However, one of the mysteries of metal, at least for me, is how the title track is so praised out there. It surely is a classic, a kick-ass song, but it isn't the "magnificient, amazing, awesome, beautiful, masterpiece of a tune" that many people say it is. A strong song, nevertheless. The only songs that harm the whole listening experience are the last two, at least they sound a bit uninspired for me. Without them, I would give this album some more points, but meh, I'll have to remove some because of them. I like the long guitar solo of "Lonely is the Word" though.

So, a catchy and heavy album by the metal godfathers. That's right, Dio really brought a fresh sound to this band, it's a shame that he had to left the band after "Mob Rules" (a pretty good record too). The good thing is that he is right now reunited with Black Sabbath and they are planning to release an album this year (at least that's what Dio said).

Best moments of the CD: -the last part of "Heaven and Hell". -the beginning of "Die Young".

Report this review (#176661)
Posted Sunday, July 13, 2008 | Review Permalink
Symphonic Team
3 stars Sing me a song, you're a singer

Ronnie James Dio joins Black Sabbath here and starts a new chapter in the band's career. Heaven And Hell has become something of a classic and it is admittedly a strong album, perhaps even up to par with some Ozzy-era albums. However, having been a fan of the band for some years (even if I wasn't born until one year after this album was released), I remember being less than impressed when I first heard this album. I have come to like it a bit more since then, but some of my initial misgivings still stand.

First of all, this album is certainly not as obviously Prog related as Sabotage or Sabbath Bloody Sabbath or even as some of the Jazz-Rock/Fusion inspired tracks on Never Say Die. I would even say that the Dio-era is the least progressive of all of the band's different eras. There are some slight progressive touches in Heaven And Hell as well, but if you want to find them you must look very closely. The loud and quite elaborated bass lines from Geezer, the discrete keyboards in the background, the Gothic, choir-like backing vocals and the mystical lyrics are some features to pay extra attention to.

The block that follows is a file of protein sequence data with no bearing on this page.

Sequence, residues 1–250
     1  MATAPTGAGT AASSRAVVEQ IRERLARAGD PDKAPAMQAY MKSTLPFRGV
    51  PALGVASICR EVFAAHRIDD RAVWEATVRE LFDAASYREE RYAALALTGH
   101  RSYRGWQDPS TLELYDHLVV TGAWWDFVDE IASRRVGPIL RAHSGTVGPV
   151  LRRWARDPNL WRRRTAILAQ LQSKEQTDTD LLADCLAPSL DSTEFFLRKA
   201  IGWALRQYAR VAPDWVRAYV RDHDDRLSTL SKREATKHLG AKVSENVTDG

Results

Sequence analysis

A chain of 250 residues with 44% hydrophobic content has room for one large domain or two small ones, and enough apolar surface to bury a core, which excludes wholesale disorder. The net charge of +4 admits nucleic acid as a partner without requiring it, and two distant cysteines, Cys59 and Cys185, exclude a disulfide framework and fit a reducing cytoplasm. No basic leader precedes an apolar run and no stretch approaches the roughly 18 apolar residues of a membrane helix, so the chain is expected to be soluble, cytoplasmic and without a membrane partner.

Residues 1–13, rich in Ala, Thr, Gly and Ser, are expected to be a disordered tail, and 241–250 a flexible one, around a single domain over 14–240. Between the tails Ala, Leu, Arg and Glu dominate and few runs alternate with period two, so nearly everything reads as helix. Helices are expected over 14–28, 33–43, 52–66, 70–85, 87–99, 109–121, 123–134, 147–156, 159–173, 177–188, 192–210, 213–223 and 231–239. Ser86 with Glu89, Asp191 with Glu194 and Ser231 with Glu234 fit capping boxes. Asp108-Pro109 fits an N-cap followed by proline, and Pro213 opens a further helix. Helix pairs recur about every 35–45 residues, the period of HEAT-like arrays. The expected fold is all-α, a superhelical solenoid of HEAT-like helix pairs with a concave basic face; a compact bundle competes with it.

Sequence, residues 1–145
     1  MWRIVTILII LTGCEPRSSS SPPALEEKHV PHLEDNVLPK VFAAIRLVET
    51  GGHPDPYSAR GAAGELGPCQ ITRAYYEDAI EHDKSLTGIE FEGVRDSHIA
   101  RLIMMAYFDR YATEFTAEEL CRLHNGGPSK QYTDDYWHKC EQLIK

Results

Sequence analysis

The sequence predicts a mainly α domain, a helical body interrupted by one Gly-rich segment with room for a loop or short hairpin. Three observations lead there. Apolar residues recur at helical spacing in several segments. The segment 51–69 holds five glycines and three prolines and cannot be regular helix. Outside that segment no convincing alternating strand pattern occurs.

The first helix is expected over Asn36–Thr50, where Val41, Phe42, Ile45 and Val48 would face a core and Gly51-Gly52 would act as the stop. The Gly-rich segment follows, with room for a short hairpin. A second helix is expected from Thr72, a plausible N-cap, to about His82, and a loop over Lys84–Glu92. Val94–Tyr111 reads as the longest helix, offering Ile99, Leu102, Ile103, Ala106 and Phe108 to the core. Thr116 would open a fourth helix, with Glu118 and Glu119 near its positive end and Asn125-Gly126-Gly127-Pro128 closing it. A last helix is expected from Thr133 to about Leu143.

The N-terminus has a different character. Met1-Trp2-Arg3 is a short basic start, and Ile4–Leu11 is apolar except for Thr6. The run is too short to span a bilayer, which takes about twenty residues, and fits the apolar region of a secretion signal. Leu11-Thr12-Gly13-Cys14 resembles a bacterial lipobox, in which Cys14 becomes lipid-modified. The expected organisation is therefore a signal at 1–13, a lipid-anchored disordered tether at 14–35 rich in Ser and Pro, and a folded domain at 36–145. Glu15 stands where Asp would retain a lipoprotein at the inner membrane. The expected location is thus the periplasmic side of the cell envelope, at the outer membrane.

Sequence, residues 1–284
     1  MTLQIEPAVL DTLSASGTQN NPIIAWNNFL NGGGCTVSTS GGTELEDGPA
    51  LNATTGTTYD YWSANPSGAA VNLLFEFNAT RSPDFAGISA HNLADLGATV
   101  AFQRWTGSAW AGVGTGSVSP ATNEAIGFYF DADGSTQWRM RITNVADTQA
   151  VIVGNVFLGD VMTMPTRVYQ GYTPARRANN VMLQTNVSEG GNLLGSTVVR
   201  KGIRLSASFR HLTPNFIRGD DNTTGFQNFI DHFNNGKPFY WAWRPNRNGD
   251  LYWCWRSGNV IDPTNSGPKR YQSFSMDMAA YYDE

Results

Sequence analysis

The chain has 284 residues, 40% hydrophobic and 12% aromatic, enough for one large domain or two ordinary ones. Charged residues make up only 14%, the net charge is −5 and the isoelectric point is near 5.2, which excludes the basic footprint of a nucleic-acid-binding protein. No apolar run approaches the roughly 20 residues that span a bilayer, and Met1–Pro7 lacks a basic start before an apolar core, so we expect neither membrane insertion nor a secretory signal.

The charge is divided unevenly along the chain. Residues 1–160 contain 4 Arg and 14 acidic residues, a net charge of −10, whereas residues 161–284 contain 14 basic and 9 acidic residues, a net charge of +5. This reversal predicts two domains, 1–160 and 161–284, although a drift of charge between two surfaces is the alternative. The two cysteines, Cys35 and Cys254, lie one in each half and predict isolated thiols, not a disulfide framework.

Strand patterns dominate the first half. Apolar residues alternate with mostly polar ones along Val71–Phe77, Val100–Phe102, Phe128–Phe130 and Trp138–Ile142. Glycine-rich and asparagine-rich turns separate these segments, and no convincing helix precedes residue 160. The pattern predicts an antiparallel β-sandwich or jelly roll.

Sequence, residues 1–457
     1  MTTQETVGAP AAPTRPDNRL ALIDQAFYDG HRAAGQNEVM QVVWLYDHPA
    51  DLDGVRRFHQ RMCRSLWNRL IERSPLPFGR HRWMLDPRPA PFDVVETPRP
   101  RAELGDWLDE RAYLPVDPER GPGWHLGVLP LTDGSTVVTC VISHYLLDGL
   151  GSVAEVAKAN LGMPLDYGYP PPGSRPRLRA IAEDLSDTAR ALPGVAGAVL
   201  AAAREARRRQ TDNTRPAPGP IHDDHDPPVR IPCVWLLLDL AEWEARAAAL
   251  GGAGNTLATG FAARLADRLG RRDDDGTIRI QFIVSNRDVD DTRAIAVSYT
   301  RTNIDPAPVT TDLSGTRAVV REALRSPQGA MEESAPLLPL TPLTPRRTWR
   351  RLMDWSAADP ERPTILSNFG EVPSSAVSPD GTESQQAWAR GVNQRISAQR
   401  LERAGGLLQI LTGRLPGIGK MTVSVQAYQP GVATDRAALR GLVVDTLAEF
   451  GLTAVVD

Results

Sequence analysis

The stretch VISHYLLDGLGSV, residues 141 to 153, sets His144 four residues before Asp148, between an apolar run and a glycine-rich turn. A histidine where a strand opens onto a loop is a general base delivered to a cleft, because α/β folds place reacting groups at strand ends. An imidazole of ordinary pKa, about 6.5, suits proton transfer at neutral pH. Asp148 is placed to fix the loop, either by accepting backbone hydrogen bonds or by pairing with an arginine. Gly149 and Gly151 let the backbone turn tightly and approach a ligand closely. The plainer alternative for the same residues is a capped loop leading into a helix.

The keyboards are played by Geoff Nicholls here for the first time and while he contributed to every album from this one onwards plus following them on tours, he was never recognized as a full member. This man deserves some credit for being there!

Heaven And Hell alternates between longer and more interesting pieces and shorter quite conventional Hard Rock songs. The excellent Children Of The Sea is followed by the straightforward Lady Evil; the classic title track is followed by the similar Hard Rock song Wishing Well and the superb, Queen-like Die Young is followed by another one of those straightforward songs in Walk Away. The album being book-ended by the powerful Neon Knights and the slow, heavy Lonely Is The Word.

The title track and Children Of The Sea both became a live favourites, and rightly so. These are classic Black Sabbath songs as are Die Young, Lonely Is The Word and Neon Knights. However, this album is not very varied. There are no real ballads to speak of or even semi-ballads like there were on many previous and later Black Sabbath albums, neither are there any instrumentals (apart from the all too brief but lovely acoustic outro to the title track) like the ones that enhanced some previous and subsequent albums (remember Embryo, Orchid, Fluff, Don't Start (Too Late), Scarlet Pimpernel, etc.).

Heaven And Hell is a good and solid album and for Black Sabbath fans this is essential. However, it is hard for me to raise very much Prog-enthusiasm over this album. Especially if I compare this with previous albums by the band like Sabotage or Sabbath Bloody Sabbath, or the best of Ronnie James Dio's previous work with Rainbow (i.e. Rising) for that matter. Hence, the three start rating.

Report this review (#177992)
Posted Wednesday, July 23, 2008 | Review Permalink
Honorary Collaborator
4 stars Heaven and Hell is the ninth full-length studio album by UK heavy metal act Black Sabbath. The album sees the first lineup change since Black Sabbath began their recording career with their self-titled debut in late 1969/ early 1970. The inevitable exit of lead vocalist Ozzy Osbourne was a result of clashing egos, musical differences and an extensive drug and alcohol abuse. The latter reason meant that rehearsals for their ninth studio album were drawn out for nearly a year and the work was done in an unpleasant atmosphere. As a consequence of the animosity and fighting guitarist and main composer Tony Iommi made the decision to fire Ozzy Osbourne from the band in 1979. Former Elf and Rainbow frontman Ronnie James Dio was brought on as the new lead vocalist in Black Sabbath and finally the band started working on writing new material for what was to become Heaven and Hell. in addition to Ronnie James Dio keyboardist Geoff Nicholls was also added to the lineup. He was initially brought in as a replacement for Geezer Butler on bass as Geezer Butler left the band for a short while during the sessions for the album. When Geezer Butler returned Geoff Nicholls shifted to keyboards.